Four…Once the plane has taken off, reaching a safe cruising altitude and the seatbelt sign has been switched off, it would be super helpful to have someone from your customer service team attach the baby bassinet immediately, before you start serving drinks. I promise it will only delay drink service for no more than 30 seconds, and allows the trolley to better roll down an unblocked aisle to deliver refreshments to thirsty passengers without having to navigate an infant, seat table, glass of water and unlatched bassinet frame in a weird cirque du soleil maneuver.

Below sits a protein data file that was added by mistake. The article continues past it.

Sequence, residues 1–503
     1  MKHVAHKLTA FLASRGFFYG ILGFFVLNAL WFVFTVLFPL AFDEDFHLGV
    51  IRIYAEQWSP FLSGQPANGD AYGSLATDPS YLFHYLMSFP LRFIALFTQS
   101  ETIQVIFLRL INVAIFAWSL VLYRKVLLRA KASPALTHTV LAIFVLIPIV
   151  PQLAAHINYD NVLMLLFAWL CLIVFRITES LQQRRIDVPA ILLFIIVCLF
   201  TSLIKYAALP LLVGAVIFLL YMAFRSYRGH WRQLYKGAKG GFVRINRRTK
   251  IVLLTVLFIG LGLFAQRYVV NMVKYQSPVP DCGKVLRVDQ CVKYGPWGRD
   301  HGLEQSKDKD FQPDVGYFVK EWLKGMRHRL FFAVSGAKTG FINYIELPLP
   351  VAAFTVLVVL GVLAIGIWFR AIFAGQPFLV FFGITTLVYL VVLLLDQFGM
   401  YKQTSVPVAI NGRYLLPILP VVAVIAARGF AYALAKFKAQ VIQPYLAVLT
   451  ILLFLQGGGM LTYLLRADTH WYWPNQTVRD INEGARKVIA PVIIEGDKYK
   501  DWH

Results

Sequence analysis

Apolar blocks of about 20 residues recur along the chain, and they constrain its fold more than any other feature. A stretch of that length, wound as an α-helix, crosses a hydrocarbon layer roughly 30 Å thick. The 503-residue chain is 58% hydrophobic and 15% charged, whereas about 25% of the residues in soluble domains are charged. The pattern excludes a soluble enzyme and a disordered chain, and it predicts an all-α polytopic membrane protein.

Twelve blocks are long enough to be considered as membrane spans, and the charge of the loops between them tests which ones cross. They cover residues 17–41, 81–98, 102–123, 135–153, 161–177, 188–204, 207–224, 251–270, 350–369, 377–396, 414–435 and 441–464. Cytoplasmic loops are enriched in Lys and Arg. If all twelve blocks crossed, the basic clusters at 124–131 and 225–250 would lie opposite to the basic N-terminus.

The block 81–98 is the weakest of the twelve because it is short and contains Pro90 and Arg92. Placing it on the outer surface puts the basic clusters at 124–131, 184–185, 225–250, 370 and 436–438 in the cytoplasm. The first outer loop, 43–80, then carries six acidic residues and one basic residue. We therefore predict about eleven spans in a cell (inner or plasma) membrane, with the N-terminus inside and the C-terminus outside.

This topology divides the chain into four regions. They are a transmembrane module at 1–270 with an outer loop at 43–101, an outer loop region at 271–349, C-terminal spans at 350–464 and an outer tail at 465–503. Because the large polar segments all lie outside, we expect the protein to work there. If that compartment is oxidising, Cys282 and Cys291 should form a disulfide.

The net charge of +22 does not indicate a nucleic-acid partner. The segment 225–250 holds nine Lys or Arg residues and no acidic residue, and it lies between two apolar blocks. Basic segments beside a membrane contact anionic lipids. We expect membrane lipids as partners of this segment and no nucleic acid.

Five…Speaking of baby bassinet, you may want to add that to the list of things that your cleaners attend to, or even better provide a freshly laundered one like your peers at Cathay Pacific. As much as I appreciate your contribution to my son’s growing immune system, I didn’t think it was prudent to let him inhale leftover crumbs and what not from the last baby that used it or perhaps the last person that mistook it for a place to discard trash.